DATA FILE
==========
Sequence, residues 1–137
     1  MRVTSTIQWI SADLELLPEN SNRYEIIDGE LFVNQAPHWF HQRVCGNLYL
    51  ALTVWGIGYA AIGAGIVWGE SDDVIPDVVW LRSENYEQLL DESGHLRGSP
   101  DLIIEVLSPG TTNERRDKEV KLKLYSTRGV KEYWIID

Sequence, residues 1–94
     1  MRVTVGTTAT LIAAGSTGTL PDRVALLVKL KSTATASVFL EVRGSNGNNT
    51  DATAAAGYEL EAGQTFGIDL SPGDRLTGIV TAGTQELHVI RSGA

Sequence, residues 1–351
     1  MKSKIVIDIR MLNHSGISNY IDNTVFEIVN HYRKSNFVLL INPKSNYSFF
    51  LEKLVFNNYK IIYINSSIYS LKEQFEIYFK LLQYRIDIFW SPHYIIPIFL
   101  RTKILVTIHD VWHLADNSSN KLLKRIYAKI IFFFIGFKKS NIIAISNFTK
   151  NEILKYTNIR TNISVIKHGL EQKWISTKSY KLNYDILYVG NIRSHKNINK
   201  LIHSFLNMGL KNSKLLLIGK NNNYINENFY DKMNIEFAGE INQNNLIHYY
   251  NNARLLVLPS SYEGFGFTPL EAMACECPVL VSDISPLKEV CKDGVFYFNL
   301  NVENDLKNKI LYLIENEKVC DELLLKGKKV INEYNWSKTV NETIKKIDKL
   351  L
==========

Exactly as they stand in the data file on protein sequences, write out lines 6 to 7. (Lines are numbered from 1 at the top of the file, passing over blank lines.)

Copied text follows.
     1  MRVTVGTTAT LIAAGSTGTL PDRVALLVKL KSTATASVFL EVRGSNGNNT
    51  DATAAAGYEL EAGQTFGIDL SPGDRLTGIV TAGTQELHVI RSGA